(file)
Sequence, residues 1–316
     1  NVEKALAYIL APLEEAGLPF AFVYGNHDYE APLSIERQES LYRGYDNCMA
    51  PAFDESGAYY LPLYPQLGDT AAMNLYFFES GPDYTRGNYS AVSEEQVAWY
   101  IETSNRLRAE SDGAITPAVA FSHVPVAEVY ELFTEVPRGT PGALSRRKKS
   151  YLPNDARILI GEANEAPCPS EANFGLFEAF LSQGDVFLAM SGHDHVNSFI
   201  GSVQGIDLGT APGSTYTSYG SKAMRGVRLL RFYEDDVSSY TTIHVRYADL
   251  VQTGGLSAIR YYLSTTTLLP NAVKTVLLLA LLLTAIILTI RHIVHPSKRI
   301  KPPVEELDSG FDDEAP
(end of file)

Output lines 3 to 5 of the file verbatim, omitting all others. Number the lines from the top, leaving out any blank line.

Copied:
    51  PAFDESGAYY LPLYPQLGDT AAMNLYFFES GPDYTRGNYS AVSEEQVAWY
   101  IETSNRLRAE SDGAITPAVA FSHVPVAEVY ELFTEVPRGT PGALSRRKKS
   151  YLPNDARILI GEANEAPCPS EANFGLFEAF LSQGDVFLAM SGHDHVNSFI